Jeremy Hammond, a former member of the hacking network Anonymous who has become a cause célèbre for hacktivists, civil libertarians and those concerned about the rights of whistleblowers, is a gifted young computer programmer who is currently spending a decade in prison. His crime? Leaking information from the private intelligence firm Strategic Forecasting, information which revealed that Stratfor had been spying on human rights activists at the behest of corporations and the U.S. government.

In a non-cooperating plea deal, Jeremy pled guilty to one count of the Computer Fraud and Abuse Act. Despite lodging nearly 265 letters of support calling on judge Loretta Preska to show leniency, Jeremy was sentenced to the maximum allowed under his plea agreement.

Since March of 2012, Jeremy has been cut off from his friends and family, and punished with extensive stays in solitary confinement – treatment normally reserved for the most egregious offenses. He did nothing for personal gain and everything in hopes of making the world a better place and he needs our support now more than ever. Please visit this website often to learn how you can help!

Who is Jeremy Hammond?

Jeremy Hammond, a former member of the hacking network Anonymous who has become a cause célèbre for hacktivists, civil libertarians and those concerned about the rights of whistleblowers, is a gifted young computer programmer who is currently spending a decade in prison. His crime? Leaking information from the private intelligence firm Strategic Forecasting, information which revealed that Stratfor had been spying on human rights activists at the behest of corporations and the U.S. government.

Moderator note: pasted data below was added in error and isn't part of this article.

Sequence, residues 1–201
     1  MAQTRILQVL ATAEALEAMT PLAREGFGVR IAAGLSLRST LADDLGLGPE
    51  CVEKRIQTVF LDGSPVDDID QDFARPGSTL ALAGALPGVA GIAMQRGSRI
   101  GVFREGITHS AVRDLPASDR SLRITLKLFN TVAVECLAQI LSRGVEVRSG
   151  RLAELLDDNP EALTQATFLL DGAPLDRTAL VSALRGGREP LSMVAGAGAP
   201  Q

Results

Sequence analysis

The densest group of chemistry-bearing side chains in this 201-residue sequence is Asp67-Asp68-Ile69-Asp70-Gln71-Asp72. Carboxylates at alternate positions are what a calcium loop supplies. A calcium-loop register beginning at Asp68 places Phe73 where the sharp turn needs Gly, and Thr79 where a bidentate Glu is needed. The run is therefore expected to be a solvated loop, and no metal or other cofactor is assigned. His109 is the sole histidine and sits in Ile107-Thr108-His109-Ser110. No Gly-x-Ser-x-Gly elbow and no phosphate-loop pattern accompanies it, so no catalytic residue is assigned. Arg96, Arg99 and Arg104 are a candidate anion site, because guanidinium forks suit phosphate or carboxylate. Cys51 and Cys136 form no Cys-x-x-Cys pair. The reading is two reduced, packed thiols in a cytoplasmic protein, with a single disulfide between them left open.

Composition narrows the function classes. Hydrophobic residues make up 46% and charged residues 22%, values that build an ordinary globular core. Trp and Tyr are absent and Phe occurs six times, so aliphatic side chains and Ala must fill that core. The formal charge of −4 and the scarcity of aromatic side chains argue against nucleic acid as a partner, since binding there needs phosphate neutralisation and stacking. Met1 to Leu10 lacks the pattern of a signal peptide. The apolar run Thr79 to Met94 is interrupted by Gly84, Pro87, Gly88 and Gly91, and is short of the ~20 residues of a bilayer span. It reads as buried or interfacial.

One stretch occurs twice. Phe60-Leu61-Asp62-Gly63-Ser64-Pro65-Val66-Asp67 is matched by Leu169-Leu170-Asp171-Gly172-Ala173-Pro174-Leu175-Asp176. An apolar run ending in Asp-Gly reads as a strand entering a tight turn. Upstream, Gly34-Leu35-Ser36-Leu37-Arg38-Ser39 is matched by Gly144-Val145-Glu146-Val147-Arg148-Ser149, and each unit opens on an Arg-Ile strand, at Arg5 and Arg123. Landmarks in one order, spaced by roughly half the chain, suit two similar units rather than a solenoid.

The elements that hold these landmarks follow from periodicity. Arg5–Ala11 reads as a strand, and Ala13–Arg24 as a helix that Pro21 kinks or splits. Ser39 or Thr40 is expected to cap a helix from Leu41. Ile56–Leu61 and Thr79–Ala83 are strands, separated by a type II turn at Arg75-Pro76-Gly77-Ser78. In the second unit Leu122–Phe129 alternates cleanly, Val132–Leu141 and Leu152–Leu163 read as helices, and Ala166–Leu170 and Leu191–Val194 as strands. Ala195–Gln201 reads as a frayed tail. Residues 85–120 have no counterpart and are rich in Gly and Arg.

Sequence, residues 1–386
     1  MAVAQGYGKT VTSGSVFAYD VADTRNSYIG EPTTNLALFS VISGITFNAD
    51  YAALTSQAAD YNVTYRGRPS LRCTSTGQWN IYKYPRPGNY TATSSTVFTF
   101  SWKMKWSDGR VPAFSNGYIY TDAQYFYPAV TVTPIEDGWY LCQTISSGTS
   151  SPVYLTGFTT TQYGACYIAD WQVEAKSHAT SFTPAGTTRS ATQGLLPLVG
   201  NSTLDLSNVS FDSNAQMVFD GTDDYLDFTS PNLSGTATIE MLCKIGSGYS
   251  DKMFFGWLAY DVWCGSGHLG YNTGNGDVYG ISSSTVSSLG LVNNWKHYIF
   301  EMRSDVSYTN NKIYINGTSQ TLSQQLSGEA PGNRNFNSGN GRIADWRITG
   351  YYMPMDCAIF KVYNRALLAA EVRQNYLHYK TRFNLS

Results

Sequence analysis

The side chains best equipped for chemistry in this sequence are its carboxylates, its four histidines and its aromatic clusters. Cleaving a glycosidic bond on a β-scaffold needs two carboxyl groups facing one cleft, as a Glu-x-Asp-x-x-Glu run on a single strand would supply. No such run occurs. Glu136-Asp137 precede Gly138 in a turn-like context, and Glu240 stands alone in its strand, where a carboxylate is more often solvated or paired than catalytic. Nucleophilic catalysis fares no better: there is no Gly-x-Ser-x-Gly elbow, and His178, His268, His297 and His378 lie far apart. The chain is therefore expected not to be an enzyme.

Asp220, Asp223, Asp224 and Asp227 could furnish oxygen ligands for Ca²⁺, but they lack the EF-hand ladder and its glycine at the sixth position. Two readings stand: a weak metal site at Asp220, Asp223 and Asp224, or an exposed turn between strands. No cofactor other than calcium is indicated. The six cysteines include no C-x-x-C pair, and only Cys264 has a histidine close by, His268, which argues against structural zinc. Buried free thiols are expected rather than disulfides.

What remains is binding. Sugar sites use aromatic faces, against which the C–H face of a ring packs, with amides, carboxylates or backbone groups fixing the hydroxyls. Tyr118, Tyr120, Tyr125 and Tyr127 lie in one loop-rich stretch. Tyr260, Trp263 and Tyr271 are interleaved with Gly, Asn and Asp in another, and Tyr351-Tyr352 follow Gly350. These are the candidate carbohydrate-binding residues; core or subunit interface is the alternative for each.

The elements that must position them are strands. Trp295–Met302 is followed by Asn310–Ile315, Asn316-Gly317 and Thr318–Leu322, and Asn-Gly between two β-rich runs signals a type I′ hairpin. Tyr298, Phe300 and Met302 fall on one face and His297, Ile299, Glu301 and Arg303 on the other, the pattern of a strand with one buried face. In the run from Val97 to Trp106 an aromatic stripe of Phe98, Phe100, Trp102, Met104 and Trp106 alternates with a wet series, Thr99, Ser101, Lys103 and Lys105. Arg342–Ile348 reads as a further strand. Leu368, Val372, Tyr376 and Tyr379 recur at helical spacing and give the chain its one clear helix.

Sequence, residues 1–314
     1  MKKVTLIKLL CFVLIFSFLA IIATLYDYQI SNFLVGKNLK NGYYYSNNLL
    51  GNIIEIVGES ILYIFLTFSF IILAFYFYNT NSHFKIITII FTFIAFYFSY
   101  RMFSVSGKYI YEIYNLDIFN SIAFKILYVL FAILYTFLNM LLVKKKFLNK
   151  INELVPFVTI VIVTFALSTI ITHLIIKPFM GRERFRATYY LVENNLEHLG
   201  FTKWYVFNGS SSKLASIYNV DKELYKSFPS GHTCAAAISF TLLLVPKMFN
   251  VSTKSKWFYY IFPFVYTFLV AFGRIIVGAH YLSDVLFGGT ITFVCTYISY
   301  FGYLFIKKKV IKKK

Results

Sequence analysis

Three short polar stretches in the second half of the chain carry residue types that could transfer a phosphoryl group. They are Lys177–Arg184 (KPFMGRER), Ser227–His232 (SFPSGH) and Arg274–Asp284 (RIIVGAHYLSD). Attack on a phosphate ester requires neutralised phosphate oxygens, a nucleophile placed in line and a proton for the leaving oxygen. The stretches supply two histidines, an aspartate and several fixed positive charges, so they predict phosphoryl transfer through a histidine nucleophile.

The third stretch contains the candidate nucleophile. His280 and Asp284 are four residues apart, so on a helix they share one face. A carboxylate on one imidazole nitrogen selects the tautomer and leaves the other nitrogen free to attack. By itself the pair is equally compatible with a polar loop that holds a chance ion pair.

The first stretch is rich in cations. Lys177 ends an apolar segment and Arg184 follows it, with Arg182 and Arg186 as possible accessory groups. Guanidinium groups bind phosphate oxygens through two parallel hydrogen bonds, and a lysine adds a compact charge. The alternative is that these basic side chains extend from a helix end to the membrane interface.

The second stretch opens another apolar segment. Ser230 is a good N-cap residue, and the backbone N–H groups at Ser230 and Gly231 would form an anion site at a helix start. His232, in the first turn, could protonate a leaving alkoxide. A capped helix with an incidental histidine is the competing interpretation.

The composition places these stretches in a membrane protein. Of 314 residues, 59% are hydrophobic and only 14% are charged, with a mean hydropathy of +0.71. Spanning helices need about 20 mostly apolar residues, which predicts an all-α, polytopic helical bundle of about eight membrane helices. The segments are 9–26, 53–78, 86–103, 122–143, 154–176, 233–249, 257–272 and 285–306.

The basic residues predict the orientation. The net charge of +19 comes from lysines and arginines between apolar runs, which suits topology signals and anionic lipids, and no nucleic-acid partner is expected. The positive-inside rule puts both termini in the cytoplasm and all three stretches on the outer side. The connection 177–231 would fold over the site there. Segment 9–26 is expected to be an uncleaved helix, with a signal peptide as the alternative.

In March 2012 Jeremy was arrested in his Chicago home and charged with violations of the Computer Fraud and Abuse Act, the same legislation used to prosecute Aaron Swartz. This outdated law, written before the Internet was even created, gives absurdly broad powers to corporations and prosecutors to criminalize an array of online activity and pursue extreme and disproportionate sentences. By contrast, Jeremy’s co-defendants in Ireland will not be prosecuted and in the U.K. none will spend more than 16 months in prison.

In a non-cooperating plea deal, Jeremy pled guilty to one count of the Computer Fraud and Abuse Act. Despite lodging nearly 265 letters of support calling on judge Loretta Preska to show leniency, Jeremy was sentenced to the maximum allowed under his plea agreement.

Since his arrest, Jeremy has been denied bail, cut off from his family, and held in solitary confinement– treatment normally reserved for the most egregious offenses. He did nothing for personal gain and everything in hopes of making the world a better place and he needs our support now more than ever. Please visit this website often to learn how you can help!

Please click here for a downloadable brochure about Jeremy, graciously provided by our friends at the NYC Anarchist Black Cross.